Gilead submits Biologics Licence Application to USFDA for Bulevirtide
If approved, Bulevirtide will be the first treatment option for adult patients in the US with chronic Hepatitis Delta Virus infection with compensated liver disease
Gilead Sciences Inc announced recently that it has submitted a Biologics License Application (BLA) to the US Food and Drug Administration (FDA) for Bulevirtide for injection (2 mg), a potential first-in-class antiviral medicine for the treatment of chronic Hepatitis Delta Virus (HDV) infection in adults with compensated liver disease. Bulevirtide has been granted Breakthrough Therapy and Orphan Drug designations by the FDA, the company said in a statement.
It also said that Bulevirtide is an investigational agent in the US and the safety and efficacy have not been established. The BLA submission is supported by data from completed and ongoing phase-II studies and the ongoing phase-III MYR301 study which supports the safety and efficacy of Bulevirtide 2 mg once daily after 24 weeks of therapy. In Europe, Hepcludex (Bulevirtide) has been granted Conditional Marketing Authorisation by the European Commission and PRIority MEdicines (PRIME) scheme eligibility by the European Medicines Agency (EMA), as the first approved treatment in Europe for adults with chronic HDV infection with compensated liver disease.
“Our goal is to bring safe and effective treatments to people living with the most severe form of chronic viral hepatitis that is associated with rapid progression to serious complications, including fibrosis, cirrhosis and an increased risk of liver cancer and death,” said Merdad Parsey, MD, PhD, Chief Medical Officer, Gilead Sciences.
“As a leader in hepatology, this filing is the latest milestone in Gilead’s ongoing efforts to address the needs of people living with liver diseases and leverages our deep understanding of chronic viral hepatitis. We look forward to working with the FDA with the goal of bringing this innovation to people living with HDV as quickly as possible,” Parsey added.
According to the statement, interim results from the phase-III MYR301 study indicate that after 24 weeks of therapy, the proportion of people with HDV infection achieving the combined virological and biochemical response was 36.7 per cent with Bulevirtide 2 mg, 28 per cent in participants receiving Bulevirtide 10 mg and zero per cent in participants currently under observation who have not received antiviral treatment at this stage of the study. Treatment for 24 weeks with Bulevirtide 2 mg had a statistically significant response (p<0.001) as compared to the no-treatment group. Additionally, rapid alanine aminotransferase (ALT) reduction and normalisation were observed in >50 per cent of people with HDV in the Bulevirtide 2 mg group compared with the no-treatment group (5.9 per cent). These results reinforce the efficacy of Bulevirtide observed in completed phase-II studies for the treatment of HDV.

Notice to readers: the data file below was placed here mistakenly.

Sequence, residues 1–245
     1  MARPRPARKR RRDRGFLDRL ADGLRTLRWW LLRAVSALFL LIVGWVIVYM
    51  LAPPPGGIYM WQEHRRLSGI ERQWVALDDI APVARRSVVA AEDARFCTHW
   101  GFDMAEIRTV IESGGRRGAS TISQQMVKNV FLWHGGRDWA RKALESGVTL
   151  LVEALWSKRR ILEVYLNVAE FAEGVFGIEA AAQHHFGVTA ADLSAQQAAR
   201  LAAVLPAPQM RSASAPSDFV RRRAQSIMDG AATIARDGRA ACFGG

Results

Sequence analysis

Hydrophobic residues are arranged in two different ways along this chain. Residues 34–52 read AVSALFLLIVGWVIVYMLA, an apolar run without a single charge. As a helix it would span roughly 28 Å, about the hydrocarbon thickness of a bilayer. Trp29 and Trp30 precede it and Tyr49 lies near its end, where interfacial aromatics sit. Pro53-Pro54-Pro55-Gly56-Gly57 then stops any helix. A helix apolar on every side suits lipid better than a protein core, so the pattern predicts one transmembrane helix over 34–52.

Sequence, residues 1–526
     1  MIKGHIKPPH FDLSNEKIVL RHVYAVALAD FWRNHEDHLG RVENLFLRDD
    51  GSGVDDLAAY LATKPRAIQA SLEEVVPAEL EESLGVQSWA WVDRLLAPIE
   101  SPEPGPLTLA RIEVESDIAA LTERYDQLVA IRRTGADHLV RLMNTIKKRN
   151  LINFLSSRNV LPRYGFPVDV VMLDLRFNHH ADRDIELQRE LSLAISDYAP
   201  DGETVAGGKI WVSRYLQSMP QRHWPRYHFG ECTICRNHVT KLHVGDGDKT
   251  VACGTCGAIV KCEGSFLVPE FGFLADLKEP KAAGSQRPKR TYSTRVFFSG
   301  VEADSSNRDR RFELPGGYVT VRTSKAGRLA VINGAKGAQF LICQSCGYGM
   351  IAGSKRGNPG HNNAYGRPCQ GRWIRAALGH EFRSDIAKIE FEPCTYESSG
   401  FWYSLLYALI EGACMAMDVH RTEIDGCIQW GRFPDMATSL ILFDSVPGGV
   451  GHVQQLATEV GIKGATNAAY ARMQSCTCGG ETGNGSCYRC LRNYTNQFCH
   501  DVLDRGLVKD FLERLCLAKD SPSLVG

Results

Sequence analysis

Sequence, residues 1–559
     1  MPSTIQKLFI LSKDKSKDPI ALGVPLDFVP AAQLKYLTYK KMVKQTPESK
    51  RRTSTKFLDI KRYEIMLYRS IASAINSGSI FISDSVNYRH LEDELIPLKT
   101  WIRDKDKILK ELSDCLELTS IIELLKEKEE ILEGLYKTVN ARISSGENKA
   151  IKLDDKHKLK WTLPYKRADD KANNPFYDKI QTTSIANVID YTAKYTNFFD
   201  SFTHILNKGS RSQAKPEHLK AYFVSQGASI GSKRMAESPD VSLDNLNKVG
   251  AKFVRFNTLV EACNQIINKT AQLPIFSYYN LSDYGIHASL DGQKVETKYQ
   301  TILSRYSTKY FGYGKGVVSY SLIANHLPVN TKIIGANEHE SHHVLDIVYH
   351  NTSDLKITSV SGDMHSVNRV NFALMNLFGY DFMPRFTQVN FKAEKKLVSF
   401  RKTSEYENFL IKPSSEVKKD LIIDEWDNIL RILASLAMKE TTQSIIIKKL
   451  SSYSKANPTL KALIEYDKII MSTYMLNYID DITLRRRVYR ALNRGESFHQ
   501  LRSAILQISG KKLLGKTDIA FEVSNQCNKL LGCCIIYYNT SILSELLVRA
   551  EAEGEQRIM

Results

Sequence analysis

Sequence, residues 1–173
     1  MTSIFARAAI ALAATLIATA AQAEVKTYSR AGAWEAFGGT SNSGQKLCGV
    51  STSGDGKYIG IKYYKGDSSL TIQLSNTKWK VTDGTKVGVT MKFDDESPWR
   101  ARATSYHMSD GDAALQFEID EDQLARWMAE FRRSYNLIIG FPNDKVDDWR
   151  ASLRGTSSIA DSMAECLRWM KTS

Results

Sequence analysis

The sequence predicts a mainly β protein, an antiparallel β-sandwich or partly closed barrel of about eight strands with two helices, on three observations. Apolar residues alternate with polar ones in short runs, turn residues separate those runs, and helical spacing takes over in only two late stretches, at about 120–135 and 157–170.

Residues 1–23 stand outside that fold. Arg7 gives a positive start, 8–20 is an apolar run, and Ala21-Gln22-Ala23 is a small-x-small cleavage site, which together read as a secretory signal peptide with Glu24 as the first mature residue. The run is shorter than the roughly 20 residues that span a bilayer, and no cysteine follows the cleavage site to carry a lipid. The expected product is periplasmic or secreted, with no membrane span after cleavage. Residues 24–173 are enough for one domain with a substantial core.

Based on these interim results, the safety profile of Bulevirtide at 24 weeks is consistent with previously completed clinical studies. No serious adverse events (AEs), symptomatic elevations in bile salts or AEs leading to discontinuation related to Bulevirtide were reported. The most common AEs observed with Bulevirtide are raised levels of bile salts in the blood (which may affect more than one in 10 people), reactions at the site of injection (which may affect up to one in 10 people) and worsening of liver disease after stopping Bulevirtide (which may affect up to one in 10 people), the statement added.